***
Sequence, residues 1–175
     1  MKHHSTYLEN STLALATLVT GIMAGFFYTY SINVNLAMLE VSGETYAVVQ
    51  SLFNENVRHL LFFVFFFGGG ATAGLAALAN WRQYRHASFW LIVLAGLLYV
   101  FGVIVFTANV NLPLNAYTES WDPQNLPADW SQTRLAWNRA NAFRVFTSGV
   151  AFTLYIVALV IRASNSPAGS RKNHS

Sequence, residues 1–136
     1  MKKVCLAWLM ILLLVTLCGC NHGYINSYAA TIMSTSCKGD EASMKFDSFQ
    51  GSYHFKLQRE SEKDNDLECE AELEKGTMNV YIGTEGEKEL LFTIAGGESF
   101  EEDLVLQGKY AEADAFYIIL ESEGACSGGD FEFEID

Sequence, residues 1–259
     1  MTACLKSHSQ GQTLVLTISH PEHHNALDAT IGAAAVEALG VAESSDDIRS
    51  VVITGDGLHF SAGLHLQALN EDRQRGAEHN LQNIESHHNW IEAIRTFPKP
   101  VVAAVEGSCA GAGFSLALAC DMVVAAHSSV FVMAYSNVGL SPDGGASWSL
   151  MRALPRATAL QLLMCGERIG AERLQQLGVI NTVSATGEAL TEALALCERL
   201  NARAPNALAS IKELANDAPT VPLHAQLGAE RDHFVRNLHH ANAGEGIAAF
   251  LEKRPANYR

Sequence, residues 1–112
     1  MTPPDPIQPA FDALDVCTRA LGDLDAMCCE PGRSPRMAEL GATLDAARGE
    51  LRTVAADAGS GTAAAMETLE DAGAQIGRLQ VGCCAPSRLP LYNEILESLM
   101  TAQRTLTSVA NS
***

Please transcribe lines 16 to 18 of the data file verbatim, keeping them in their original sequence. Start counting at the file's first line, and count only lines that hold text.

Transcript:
   251  LEKRPANYR

Sequence, residues 1–112
     1  MTPPDPIQPA FDALDVCTRA LGDLDAMCCE PGRSPRMAEL GATLDAARGE